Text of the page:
Who is the New Old BMW?

August 12th, 2010 § 7

A good question for designers, marketers and product planners.
Three to four decades ago BMW was a small, independent company making a very limited number of models, practically one design in three sizes, complemented by a very small production of coupes, substantially derived from sedans. From the business point of view it made sense and there was nothing particular there, with one exception: not just the coupes, but also the sedans were sporty, making them special in a world where sedans meant transportation and nothing more. That gave the BMW brand an edge over the competition.
BMW didn’t invent, so-to-say, the sports sedan, that probably goes to Alfa Romeo, but, while Alfa Romeo’s image was declining, due to management problems in the late ’70s and early ’80s, BMW’s image was ascending fast, entering a segment where people are willing to pay a premium for their purchase. The rise was due to a combination of good quality and performance, clever marketing and, in US, a strong demand for economical cars after the two oil crises of the mid ‘70s.
The BMWs of that era were typical European vehicles: simple, light, nimble and quick. On top of that, they were providing first class engineering, quality and especially unmatched driving experience.
Over the years, the BMW brand and products evolved significantly. The company is still famous for its innovative engineering, quality and driving experience. Production volume increased, currently at over 1 million units a year, and the segments covered are more numerous, with some models creating actually their own niches. More importantly, the vehicles are substantially bigger, heavier and more complex. BMW today is a different company than the one it was 3-4 decades ago.
The question arising would be: what brand, if any, moved or is ready to move in this place vacated by BMW going upscale or, who is the new old BMW? This segment, characterized by simple, light, quick and appealing designs offering driving excitement, is still sought after by consumers, especially car enthusiasts, and it’s a potential launch pad for any brand as it was for BMW.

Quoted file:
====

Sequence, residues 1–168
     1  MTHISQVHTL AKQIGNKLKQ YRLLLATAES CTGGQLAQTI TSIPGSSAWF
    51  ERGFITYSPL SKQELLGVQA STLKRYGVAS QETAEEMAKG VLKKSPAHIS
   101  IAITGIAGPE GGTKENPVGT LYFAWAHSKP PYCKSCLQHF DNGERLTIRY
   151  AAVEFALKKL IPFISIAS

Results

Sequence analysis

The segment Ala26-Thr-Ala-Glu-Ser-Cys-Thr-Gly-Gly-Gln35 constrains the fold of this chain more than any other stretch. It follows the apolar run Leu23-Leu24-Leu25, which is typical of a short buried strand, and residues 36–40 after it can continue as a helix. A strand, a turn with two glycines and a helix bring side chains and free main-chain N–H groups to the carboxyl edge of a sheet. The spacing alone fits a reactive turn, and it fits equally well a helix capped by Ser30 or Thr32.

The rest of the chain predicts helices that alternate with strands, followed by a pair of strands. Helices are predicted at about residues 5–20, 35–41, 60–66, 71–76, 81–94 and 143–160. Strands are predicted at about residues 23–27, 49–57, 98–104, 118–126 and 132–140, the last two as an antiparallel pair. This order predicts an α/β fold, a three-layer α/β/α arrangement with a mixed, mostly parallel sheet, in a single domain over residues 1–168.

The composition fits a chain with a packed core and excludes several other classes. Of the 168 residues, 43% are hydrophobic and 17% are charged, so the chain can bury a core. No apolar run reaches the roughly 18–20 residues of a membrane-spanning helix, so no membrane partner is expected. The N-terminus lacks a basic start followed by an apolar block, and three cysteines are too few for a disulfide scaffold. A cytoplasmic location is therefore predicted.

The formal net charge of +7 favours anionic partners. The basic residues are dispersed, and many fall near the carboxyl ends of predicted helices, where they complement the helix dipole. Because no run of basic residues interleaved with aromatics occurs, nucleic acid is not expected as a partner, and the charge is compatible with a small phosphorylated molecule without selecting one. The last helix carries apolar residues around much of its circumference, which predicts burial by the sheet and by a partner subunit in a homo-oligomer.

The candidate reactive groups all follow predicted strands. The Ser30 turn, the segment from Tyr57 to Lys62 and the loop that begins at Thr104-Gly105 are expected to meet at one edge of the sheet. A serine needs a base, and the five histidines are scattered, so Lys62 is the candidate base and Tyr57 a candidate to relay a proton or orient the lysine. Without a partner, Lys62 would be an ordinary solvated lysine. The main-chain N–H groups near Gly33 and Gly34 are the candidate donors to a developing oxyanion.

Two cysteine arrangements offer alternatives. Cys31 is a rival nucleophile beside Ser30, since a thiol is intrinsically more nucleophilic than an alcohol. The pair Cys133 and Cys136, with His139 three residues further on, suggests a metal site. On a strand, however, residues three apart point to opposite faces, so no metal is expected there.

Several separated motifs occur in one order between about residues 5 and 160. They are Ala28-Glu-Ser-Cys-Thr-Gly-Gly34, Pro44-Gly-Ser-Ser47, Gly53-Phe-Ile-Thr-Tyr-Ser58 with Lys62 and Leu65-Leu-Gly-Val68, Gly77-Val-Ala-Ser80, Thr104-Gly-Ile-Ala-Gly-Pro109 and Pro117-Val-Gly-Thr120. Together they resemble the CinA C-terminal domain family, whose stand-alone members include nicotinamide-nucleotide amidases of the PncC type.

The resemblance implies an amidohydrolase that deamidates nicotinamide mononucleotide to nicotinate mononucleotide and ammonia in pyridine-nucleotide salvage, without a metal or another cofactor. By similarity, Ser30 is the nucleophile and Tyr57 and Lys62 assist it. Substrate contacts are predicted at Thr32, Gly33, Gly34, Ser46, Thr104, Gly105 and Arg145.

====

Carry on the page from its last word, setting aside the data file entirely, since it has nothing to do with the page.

The first name coming to my mind is the mid ‘80s Honda. Looking at the entire model lineup, not just the Prelude and the CRX were sporty, but the Civic and the Accord too. They were all above their competition in performance, driving experience, and also design. It seemed that Honda was to replace BMW, as the Germans were moving up, and distance itself from Toyota and Nissan.

Honda, in the mid ‘80s, did a tremendous job. The Civic proved that a small car, an econobox normally called in the US, can be more than that, it can bring excitement in driving and ownership. The driver is a proud owner, the opposite of the image “this is all I can afford”. I remember that a lot of my friends wanted to buy a CRX and many, later, did and enjoyed it.
In the late ‘80s, Acura brand was launched to compete head on with BMW. After a good start, Acura lost its direction and, at the same time, Honda dropped the performance and excitement characters from its vehicles, with the exception of the Civic which lived a decade of glory as a pocket rocket until the infamous 2001 model came out and ended up all the zing this brand still offered.
Honda extinguished any remaining hope of being a different brand, offering from that point on middle of the road transportation for the large masses, characterized by good quality and reliability but lacking excitement, exception the S2000.
It looks like Honda, after 1990, couldn’t create a clear image of itself and struggled in deciding what both, Honda and Acura brands, were standing for. Designs looked more like the result of a momentary reaction then that of a strong and coherent, long term strategy.

Four years ago I was in Las Vegas and one evening, after spending the whole day at the SEMA show, I went with two of my friends to have dinner. During the conversation, certainly talking about cars, the subject turn to Subaru, and one of my friends said that he sees Subaru today (N.B. 2006) where BMW was two or three decades ago. I was surprised by his affirmation because, more or less, I had the same opinion.

Subaru is one of my favorite brands. The company is small, the quiet underdog which concentrates on quality products, promoting its excellence in engineering, opposite to some of the large corporations out there always talking about how many millions of vehicles they will produce within the next few years.
Subaru, in US, has a good model lineup, a small and a medium size car, complemented by a small and medium size CUV and soon a sports coupe. A simple lineup and a small production number, just under half million units in 2009.